while the riviera steeps in its second vinegar bath, and i await parts, i weighed in on a robust discussion about flushing the e61 groupheads on heat exchanger machines like mine. (for the neophytes, basically the brew group on such machines contains constantly circulating water which, over time, grows too hot for brewing because of the necessity of maintaing a certain boiler tank temperature for simultaneous brewing and steaming. the solution: flush the group a bit to bring down the temp before pulling your shot.)
people stress about this. they want to know exACTly how much water to flush, what the seconds and ounces are, and how it should feel on your pinky finger. this goes against the indefinably sensory nature of the craft. such a routine should be both (a) second nature, and (b) flexible for the time of day, machine operating temperature and desired flavor profile. to plagiarize a rant:
measuring the water or timing the flush isn’t reliable, especially if you turn your machine off every day. the isomacs particularly can run very hot (meaning the temp takes longer to bring down, rebounds quicker and cycles through the “green zone” slower) or it can run somewhat cooler, within the first two hours of operation for example (meaning the group temp is slower to rebound and stays in the “green zone” for less time).
you listen first, getting a feel for when the hissing stops, plus a few seconds. eventually, you can watch as well, making it possible to flush precisely even with the grinder on. then you let the group temp rebound. this time can vary, based on (a) the kind of flavor profile you’re shooting for, and (b) the way the machine is behaving. making this a science just kills the finer points of nailing that superb pull. i’ll notice, for example, that while the machine is rebounding (for me, it’s typically two trips through the green light, then brew on the third) it may linger longer in the green zone. that tells me the machine is especially hot, allowing the heater to stay off for a longer period of time, and i’ll cut the rebound short by a few seconds before locking and pulling.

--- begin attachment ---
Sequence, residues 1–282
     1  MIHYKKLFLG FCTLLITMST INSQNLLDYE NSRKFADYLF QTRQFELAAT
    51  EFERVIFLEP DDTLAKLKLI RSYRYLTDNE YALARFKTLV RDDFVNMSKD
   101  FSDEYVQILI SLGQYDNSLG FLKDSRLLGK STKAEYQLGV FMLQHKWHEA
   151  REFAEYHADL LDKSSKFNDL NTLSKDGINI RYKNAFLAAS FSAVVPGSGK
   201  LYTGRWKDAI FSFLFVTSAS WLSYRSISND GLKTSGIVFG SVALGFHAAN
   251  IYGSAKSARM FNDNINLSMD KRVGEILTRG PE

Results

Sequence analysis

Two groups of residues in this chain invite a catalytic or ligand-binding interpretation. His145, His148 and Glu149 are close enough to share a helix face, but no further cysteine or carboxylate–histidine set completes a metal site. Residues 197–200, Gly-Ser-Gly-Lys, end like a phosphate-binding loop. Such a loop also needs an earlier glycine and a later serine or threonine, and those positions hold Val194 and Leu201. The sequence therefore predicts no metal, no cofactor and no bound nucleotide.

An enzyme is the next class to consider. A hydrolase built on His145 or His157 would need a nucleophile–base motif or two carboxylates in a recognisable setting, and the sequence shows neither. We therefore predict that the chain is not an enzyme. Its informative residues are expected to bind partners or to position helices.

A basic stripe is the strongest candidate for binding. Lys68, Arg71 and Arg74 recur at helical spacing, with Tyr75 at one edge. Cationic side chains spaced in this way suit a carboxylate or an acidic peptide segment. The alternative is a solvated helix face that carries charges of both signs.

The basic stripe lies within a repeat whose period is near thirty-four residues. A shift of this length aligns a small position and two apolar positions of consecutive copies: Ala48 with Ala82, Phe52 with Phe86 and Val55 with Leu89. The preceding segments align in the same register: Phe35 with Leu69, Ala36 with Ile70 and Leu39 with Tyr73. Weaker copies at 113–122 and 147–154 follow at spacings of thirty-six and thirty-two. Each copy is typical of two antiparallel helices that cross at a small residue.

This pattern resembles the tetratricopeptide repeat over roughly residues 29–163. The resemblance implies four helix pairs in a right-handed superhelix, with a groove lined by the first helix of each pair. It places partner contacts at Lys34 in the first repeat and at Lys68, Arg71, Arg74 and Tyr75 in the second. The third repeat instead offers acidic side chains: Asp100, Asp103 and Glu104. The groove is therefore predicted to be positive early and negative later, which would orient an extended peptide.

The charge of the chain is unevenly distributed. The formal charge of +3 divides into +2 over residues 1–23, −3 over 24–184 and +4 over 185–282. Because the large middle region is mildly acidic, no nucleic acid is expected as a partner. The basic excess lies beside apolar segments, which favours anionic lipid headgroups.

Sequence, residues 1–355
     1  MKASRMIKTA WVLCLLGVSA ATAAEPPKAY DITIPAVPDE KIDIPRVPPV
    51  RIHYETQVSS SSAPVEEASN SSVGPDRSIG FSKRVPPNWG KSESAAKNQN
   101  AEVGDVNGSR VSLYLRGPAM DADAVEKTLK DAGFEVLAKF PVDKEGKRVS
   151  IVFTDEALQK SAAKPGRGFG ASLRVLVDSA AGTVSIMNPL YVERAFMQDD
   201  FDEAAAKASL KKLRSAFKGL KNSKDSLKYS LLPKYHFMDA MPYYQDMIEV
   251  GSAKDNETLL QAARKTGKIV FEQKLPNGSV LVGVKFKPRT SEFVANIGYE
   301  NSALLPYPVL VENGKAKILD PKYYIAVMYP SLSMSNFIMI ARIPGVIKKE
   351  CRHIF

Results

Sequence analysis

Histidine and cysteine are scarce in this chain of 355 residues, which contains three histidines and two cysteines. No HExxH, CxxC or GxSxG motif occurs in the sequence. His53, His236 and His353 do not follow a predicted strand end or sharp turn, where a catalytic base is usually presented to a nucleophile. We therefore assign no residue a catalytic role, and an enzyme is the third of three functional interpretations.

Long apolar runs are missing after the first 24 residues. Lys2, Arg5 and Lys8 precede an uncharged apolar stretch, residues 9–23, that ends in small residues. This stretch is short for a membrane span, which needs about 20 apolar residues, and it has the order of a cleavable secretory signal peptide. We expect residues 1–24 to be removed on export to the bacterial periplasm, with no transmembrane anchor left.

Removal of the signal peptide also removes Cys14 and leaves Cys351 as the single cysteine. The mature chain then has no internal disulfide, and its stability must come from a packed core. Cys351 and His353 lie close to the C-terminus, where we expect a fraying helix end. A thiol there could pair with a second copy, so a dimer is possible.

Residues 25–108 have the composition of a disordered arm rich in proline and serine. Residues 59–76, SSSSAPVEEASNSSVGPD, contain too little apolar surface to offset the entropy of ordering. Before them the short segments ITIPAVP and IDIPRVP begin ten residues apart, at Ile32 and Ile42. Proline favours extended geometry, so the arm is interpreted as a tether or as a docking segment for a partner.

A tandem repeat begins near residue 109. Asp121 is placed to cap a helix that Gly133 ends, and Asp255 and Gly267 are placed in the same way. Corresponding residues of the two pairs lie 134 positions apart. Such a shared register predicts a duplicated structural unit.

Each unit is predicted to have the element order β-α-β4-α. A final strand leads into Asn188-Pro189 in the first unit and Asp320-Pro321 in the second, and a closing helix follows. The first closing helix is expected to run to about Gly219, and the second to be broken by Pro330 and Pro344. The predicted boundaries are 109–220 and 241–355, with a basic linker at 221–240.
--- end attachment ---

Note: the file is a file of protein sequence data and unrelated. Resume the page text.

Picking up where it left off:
similarly, if i’m brewing a lot of shots and keeping the grouphead fairly cool with constant use, then my flushes are shorter and my rebound periods slightly longer. but the behavior of the boiler gauge, the sound of your flushes and of course the taste of your shots all help you get a feel for this. after awhile, it becomes unconscious. you can flush while grinding, then watch the green light cycles while tamping, then lock and pull a bit early or late, or even adjust the routine based on what kind of flavors you want out of a particular bean.
all this is a part of the e61 fun. stressing over flushes and rebound times only forces you into a set of rigid rules that should be flexible. my advice: taste a lot of espresso. get to know your machine. then tweak the factors based on your sensory feel and brewing whim. it takes time, but it’s not hard.
no reason to spend screedy breath over at CG without recouping a blogged two-fer! dan kehn, of course, owns the definitive HX-flush analysis, to which i have referred for grounding numerous times. the heat exchanger tuning chart, meanwhile, i found to be overkill.